Take Five: Escape to Highlands & Cashiers, N.C.

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While much of the Southeast will soon be suffering through some intense summer temps, one area in Western North Carolina continually defies the seasonal swelter, keeping its cool almost all season long. Highlands and Cashiers, N.C., are about 10 miles apart, and while they have distinct personalities, they share stunning scenery and pleasant weather courtesy of their lofty location in a temperate rainforest perched way up in the Blue Ridge Mountains. But if simply beating the heat isn’t enough to get you “gone to Carolina,” there are plenty of other reasons to visit. Here are five of our favorites.

1. Cool Views

In between Highlands and Cashiers, Whiteside Mountain (pictured above) straddles the Continental Divide and features one of the tallest sheer rock faces east of the Rockies. Hike the two-mile loop trail to the top to take it all in and watch for peregrine falcons floating above. The endangered birds nest on one section of the exposed cliff. The walk up to Sunset Rock is easier, but the unobstructed, panoramic view of downtown Highlands would be worth a much harder climb. Plan your trek for late afternoon; the vista is at its breath-taking best when the sun starts sinking, setting the sky ablaze with color.

2. Cooler Waterfalls

Sparkling cascades of all sizes are abundant in the area thanks to ample rainfall and the rocky terrain. Dry Falls thunders over an extended ledge that lets you walk behind the water and relax in its refreshing mist. The delicate droplets of Bridal Veil Falls twinkle in the sun on the side of Highway 64, giving you a glimpse without even leaving your car. A good look at Glenn Falls requires a little more effort, but the steep walk down a shaded trail rewards you with the serene scene and sounds of water rushing in milky curtains over platforms of ancient stone.

3. Culinary Highs

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Photo: Jennifer Stewart Kornegay

In Highlands alone, you’ll find several Wine-Spectator-awarded fine dining establishments including the intimate Lakeside (go for steaks and seafood here); Wolfgang’s (upscale German-American bistro fare); and Madison’s, housed in the Old Edwards Inn. Specializing in cuisine made with fresh and local ingredients (many from OE’s own farm), Madison’s executive chef Johannes Klapdohr creates innovative dishes like Cashew-Dusted Sunburst Trout resting on a rustic leek and potato cake. But you don’t have to don dressy attire or make a reservation to enjoy some good eats. A fine example of Carolina-style ‘cue is waiting at On the Side (pictured), a walk-up shack attached to the Cashiers Farmers Market that promises—and delivers—tender pulled pork accented with tangy mustard-based sauce and classic sides like potato salad and sweet cole slaw. Or check out Mountain Fresh Grocery in Highlands. Its selection of pressed sandwiches, baked goods, filling breakfast favorites, wood-fired pizzas and more outshines the shelves of staples.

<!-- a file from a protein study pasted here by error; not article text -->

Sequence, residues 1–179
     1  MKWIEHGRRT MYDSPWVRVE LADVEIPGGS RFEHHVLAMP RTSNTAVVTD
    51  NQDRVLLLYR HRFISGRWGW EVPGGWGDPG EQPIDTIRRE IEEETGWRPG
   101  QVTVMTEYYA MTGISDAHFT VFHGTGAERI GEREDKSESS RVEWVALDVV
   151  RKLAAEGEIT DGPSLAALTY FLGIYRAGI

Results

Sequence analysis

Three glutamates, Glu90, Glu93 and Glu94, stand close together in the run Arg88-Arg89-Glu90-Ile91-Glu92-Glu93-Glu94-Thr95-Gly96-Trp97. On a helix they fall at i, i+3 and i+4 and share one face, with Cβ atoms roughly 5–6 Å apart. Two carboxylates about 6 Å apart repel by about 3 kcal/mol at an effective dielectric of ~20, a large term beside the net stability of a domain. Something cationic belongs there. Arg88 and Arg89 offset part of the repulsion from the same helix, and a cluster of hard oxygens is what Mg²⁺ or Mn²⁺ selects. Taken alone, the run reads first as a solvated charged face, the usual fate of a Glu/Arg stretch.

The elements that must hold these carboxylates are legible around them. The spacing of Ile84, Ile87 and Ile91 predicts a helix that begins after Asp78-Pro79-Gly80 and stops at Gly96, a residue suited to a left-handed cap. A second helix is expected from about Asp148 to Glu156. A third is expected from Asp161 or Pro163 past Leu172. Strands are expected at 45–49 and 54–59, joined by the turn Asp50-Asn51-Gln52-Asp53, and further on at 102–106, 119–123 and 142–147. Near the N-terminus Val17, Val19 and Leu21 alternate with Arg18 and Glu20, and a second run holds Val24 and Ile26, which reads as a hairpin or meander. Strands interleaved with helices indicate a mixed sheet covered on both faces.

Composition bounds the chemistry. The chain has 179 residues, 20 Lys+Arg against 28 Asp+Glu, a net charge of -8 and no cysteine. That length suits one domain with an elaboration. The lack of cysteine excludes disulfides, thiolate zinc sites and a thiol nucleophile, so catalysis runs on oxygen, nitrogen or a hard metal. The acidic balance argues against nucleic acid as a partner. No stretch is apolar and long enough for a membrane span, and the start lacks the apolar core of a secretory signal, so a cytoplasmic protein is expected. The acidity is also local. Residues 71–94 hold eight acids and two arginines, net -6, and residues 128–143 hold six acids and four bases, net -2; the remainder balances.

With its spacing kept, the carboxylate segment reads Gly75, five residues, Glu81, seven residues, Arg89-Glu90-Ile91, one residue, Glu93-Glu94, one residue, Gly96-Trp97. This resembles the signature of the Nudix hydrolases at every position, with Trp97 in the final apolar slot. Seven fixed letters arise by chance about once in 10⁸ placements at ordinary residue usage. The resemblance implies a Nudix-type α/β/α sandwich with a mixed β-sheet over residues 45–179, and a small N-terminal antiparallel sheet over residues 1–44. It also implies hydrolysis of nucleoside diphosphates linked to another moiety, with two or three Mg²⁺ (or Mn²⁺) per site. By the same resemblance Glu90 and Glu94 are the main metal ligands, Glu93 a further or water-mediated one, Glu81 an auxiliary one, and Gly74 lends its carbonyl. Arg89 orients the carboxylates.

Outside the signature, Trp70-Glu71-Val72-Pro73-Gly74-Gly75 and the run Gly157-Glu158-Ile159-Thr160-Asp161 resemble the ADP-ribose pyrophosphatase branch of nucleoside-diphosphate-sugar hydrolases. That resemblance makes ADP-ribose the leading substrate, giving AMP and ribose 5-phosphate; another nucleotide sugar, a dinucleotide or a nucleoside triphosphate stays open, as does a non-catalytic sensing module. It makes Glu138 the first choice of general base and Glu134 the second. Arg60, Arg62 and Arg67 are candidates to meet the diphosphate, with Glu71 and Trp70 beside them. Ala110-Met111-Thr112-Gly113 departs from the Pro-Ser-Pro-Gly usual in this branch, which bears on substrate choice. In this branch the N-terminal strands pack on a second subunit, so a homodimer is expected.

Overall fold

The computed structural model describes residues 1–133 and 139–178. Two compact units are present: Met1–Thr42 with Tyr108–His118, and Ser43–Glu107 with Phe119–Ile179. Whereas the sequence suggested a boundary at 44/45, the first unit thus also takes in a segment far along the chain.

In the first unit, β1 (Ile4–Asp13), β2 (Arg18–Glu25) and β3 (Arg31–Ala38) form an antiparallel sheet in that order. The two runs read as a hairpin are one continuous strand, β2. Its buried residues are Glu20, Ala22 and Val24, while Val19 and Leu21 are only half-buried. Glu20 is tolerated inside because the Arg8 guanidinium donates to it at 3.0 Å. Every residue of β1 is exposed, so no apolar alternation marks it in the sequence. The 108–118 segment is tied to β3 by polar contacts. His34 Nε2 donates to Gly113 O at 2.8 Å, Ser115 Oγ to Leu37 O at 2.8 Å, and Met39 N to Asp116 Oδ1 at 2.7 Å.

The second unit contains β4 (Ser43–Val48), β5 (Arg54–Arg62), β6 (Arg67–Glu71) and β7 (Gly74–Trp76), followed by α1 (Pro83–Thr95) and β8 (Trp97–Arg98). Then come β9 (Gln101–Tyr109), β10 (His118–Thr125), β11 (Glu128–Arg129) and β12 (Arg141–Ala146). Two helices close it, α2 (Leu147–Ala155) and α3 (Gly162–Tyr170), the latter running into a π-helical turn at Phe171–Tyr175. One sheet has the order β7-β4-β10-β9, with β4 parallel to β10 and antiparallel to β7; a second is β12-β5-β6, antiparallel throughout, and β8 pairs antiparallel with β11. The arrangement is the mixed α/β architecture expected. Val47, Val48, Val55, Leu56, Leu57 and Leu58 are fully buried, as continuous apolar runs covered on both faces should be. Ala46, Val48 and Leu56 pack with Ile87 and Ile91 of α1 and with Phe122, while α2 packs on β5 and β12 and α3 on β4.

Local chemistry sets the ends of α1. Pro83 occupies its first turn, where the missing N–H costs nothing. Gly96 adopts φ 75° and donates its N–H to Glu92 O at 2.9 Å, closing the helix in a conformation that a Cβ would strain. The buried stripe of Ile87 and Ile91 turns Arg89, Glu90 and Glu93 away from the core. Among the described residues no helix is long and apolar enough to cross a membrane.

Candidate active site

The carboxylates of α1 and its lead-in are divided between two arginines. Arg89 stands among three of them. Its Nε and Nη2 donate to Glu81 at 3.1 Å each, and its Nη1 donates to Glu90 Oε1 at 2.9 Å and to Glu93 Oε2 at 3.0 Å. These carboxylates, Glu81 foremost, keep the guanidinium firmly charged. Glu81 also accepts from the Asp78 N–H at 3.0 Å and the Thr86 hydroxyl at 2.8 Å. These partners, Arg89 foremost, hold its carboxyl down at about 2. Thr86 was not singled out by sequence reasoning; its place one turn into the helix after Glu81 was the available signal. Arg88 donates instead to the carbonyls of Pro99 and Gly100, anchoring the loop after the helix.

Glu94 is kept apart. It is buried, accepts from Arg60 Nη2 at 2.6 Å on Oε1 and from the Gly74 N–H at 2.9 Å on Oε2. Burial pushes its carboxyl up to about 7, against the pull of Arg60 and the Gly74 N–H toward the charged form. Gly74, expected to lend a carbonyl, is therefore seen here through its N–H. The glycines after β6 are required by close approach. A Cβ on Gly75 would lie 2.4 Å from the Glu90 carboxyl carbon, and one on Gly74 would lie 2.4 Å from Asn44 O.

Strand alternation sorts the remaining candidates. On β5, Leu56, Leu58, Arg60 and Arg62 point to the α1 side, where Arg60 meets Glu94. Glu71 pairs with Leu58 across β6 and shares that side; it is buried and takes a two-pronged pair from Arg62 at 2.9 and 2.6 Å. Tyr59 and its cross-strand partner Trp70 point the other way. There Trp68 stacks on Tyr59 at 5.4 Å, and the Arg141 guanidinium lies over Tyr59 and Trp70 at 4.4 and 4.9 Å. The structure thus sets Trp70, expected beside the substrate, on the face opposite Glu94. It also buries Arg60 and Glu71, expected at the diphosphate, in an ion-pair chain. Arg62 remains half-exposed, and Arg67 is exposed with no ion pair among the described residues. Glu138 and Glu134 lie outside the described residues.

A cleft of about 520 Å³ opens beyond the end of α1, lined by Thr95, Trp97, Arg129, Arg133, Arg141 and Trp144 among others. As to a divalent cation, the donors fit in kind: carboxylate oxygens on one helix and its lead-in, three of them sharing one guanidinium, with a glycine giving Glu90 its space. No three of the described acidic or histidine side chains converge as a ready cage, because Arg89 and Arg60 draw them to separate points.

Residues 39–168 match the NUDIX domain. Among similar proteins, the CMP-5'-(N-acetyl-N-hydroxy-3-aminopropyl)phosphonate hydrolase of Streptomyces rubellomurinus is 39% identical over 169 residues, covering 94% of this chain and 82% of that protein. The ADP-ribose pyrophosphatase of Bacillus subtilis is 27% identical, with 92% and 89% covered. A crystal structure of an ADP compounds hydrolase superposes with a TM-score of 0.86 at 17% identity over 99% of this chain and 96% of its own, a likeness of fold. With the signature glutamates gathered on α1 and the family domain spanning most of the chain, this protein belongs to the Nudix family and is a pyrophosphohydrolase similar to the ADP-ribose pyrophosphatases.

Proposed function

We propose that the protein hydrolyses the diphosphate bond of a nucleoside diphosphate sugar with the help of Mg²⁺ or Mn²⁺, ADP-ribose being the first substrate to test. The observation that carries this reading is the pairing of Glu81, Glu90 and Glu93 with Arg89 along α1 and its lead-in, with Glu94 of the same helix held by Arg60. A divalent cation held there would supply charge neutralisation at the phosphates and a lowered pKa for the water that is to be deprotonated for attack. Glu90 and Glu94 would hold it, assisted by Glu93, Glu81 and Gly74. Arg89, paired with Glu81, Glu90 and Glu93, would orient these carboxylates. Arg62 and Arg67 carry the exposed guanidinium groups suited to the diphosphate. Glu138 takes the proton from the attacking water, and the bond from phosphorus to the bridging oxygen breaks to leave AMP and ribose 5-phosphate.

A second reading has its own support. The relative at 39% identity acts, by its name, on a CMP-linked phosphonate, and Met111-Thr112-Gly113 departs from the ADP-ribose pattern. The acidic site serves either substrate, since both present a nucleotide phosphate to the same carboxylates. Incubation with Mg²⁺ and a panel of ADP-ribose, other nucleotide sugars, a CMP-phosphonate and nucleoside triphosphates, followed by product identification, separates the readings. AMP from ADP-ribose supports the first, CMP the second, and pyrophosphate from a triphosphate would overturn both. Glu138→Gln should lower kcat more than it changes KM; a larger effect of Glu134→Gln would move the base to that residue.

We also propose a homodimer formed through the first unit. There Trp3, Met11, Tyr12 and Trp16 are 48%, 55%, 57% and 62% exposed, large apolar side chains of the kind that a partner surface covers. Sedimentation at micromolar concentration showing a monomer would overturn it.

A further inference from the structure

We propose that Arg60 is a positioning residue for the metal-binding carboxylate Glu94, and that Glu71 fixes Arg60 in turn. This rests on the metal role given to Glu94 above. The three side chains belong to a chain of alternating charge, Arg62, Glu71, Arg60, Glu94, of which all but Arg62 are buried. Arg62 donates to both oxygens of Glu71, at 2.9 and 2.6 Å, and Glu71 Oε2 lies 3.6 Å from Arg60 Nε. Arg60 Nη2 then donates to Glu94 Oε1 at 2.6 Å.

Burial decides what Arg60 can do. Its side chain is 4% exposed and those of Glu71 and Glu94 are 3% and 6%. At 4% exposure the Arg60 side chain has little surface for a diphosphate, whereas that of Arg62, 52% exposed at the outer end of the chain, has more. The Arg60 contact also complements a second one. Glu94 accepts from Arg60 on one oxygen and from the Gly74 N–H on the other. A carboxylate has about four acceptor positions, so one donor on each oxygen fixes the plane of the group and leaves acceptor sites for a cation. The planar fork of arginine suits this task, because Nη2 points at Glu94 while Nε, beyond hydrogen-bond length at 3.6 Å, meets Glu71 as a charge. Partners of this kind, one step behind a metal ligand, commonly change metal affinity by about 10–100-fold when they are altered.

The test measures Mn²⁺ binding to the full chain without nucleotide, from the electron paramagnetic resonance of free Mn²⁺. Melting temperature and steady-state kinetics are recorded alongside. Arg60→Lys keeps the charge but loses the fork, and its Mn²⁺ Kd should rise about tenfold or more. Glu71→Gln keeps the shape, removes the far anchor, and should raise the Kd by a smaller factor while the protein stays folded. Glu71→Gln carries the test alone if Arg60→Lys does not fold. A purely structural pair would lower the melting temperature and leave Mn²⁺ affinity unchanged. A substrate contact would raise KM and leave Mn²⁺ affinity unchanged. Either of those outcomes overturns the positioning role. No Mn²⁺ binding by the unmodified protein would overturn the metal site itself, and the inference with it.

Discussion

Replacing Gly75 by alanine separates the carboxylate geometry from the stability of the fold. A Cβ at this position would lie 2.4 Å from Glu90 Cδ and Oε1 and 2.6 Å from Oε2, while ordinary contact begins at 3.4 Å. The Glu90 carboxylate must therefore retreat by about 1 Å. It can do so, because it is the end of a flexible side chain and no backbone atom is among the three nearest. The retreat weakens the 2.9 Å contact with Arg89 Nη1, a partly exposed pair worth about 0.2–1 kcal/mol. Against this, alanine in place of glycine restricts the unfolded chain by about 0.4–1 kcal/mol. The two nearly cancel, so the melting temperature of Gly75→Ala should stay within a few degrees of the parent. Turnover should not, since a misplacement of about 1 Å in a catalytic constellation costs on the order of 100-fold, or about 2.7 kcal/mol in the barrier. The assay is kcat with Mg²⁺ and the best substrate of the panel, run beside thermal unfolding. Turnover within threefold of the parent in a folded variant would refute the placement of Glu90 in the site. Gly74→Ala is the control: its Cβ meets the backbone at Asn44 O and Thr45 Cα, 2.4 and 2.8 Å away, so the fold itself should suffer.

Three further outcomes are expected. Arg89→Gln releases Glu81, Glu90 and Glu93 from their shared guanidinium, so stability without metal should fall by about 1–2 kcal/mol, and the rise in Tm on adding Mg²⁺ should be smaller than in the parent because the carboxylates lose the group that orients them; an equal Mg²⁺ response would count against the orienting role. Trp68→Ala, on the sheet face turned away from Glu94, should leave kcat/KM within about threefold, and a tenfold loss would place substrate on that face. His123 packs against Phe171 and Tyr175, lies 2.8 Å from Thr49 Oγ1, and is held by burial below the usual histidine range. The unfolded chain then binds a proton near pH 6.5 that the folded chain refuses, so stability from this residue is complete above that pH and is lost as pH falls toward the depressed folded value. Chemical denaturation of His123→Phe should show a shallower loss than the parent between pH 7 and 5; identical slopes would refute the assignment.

4. Calming Luxury

One of the country’s most praised properties anchors a corner of downtown Highlands. The historic Old Edwards Inn (listed on the National Register of Historic Places) excels in providing top-notch service and elegant accommodations. The OE Spa is a large part of the Inn’s appeal, annually garnering awards from national travel media. This 25,000-square-foot tribute to tranquility puts the rejuvenating powers of its surroundings to good use with treatments like Sweet Mountain Metamorphosis, which incorporates locally grown herbs and plants in a body scrub finished with full-body massage.

5. Crazy Thrills

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Photo: Jennifer Stewart Kornegay

Soar above it all on one of the highest ziplines in the region at Highlands Aerial Park. Sitting atop High Holly Mountain, the park has expert guides who lead you flying over and through old-growth forest, deep ravines, the soft curves of summits and slices of open sky. The longest zip on the course is the appropriately named Screaming Mare; its combination of serious heights, dizzying speed and bird’s-eye perspectives will leave you speechless (except for your screams).

Jennifer Stewart Kornegay is a freelance writer based out of Montgomery, Ala. She writes about food and travel and traveling for food.

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